So first of all, when did you first pick up a guitar and decide to start make music?

It didn’t happen in that order. I picked up a guitar because my Grandad used to have a guitar under his bed and I wasn’t allowed to touch it. So because I wasn’t allowed to touch it, I did.

And I just taught myself a couple of chords and all that. And yeah, I told my Grandad I liked it and I showed him I could play the guitar. And he was like, pissed off that I’d been playing his guitar.

So he went and bought me a banjo and said; ‘Everyone plays the guitar, play a banjo instead, no one plays the banjo.’ So I wasn’t happy about that. So that was it.

But there was a big gap between that and coming to start writing songs and things. I just knew how to do it, it was just something I could do, like I’d never practiced or played any music or anything like that. It just came naturally. It was just by chance that I got into it again.

Do you feel your heritage in coming from the musical city of Liverpool is important or do you kind-of detach yourself from the Liverpool scene?

Yeah I would say it’s important. But the Liverpool music scene and the streets of Liverpool are two very different things all together. I come from the streets in Liverpool. The really rough end in Liverpool, you know? I am 100 percent scouse.

But the music scene doesn’t consist of people from Liverpool that was always my problem with it. It wasn’t my problem with the actual scene itself, but the problem was when I used to go to bars. I’d go to these bars and I’d say; ‘can I get up and have a go?’ This was when I was starting out and I wanted to have a little go, you know? And I’d go down there and they’d say; ‘You’re not allowed to, we’ve got our regulars tonight mate.’

And the regulars that these bars had weren’t from Liverpool. So they were kind-of blocking people actually from Liverpool coming in. The way I see it now, is that these people thought we were a threat.

Do you feel your working-class background is an element of fuel to the fire in creating fearlessly powerful rock and roll?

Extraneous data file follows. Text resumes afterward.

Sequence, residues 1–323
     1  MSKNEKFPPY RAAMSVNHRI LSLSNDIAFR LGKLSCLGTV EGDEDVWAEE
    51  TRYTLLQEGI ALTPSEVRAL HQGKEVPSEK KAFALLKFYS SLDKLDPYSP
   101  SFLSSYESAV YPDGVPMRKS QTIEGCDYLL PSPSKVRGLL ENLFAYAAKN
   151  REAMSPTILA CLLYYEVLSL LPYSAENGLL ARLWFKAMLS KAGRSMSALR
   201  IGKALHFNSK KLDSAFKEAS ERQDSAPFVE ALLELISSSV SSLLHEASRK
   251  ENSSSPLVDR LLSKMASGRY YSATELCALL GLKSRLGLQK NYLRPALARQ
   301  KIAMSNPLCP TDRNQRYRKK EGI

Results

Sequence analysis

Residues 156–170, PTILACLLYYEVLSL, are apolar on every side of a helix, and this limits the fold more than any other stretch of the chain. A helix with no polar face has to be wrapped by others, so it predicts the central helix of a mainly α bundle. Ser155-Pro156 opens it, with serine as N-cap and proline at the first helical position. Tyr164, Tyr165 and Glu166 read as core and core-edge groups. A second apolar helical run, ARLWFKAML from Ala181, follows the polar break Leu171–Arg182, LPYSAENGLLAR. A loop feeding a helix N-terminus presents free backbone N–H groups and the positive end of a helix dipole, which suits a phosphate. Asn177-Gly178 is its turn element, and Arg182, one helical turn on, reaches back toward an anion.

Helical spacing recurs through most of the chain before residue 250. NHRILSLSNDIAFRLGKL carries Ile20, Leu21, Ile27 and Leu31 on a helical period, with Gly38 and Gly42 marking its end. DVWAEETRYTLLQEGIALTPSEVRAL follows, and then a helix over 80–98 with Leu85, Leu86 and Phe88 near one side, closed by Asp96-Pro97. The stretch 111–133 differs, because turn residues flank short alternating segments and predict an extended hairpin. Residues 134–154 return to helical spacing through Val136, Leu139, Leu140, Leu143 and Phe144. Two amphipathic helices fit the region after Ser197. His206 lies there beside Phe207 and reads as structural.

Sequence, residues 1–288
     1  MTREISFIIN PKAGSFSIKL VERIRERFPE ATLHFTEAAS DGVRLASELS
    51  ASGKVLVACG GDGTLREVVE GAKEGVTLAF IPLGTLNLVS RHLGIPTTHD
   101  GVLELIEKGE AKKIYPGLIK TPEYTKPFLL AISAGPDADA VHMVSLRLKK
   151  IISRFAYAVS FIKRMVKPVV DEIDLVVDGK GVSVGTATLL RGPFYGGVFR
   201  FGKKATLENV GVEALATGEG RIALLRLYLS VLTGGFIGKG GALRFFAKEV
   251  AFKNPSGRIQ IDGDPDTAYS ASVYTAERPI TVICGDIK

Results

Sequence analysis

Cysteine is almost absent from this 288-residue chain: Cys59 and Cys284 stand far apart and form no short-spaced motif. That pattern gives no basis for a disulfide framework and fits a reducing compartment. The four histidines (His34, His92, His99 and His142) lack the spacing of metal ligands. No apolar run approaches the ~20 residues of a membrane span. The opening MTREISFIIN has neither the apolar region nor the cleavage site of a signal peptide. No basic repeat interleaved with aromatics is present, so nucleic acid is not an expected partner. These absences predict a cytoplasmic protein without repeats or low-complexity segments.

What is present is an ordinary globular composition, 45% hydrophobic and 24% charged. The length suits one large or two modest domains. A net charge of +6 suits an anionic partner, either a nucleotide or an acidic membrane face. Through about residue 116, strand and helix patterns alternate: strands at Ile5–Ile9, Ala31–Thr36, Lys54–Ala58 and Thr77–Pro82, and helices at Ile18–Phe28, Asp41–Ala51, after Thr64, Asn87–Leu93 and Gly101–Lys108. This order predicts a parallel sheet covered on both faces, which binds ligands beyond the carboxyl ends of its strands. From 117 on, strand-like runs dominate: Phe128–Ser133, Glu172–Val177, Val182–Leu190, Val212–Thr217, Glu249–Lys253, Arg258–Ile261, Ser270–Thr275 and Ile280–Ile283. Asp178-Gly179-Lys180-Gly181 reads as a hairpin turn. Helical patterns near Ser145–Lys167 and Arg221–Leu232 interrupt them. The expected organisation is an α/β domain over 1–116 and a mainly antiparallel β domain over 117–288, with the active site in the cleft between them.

Yeah 100 percent. I mean ‘working-class’, I don’t really understand that word because most people where I come from don’t even work. When I was growing up, we had no food and we had no money. So I don’t really consider myself as from working-class.

But of course my background definitely plays an influence. The reason I use rock and roll like this is because I’m an opposition to a lot of things. Waving my arms around and saying it nicey-nicey is not gonna get me nowhere, so. I have to try and put it across as blunt as possible really.

Do you feel you bring the classic rock and roll rebel sound into 2015? Do you find that this sound and spirit is quite timeless?

Yeah, definitely. I feel like there’s a lot of rock going on lately but there’s not a lot of roll. You know, it’s just same-old, same-old it’s boring. I feel like what happened with older rock and roll was it didn’t quite get where I would have liked it to get. It’s just become same-old and bland. And I’m just here to put some roll into it.

Your music seems to combine elements of the greats, from Johnny Cash and Jerry Lee Lewis to Bob Dylan. But who do you claim as your greatest influences, and how do you feel about these prestigious comparisons?

My greatest influences I’d say are the people who are around me. The people I see suffering everyday, the people I see who can’t feed themselves everyday. They influence me more than any artist.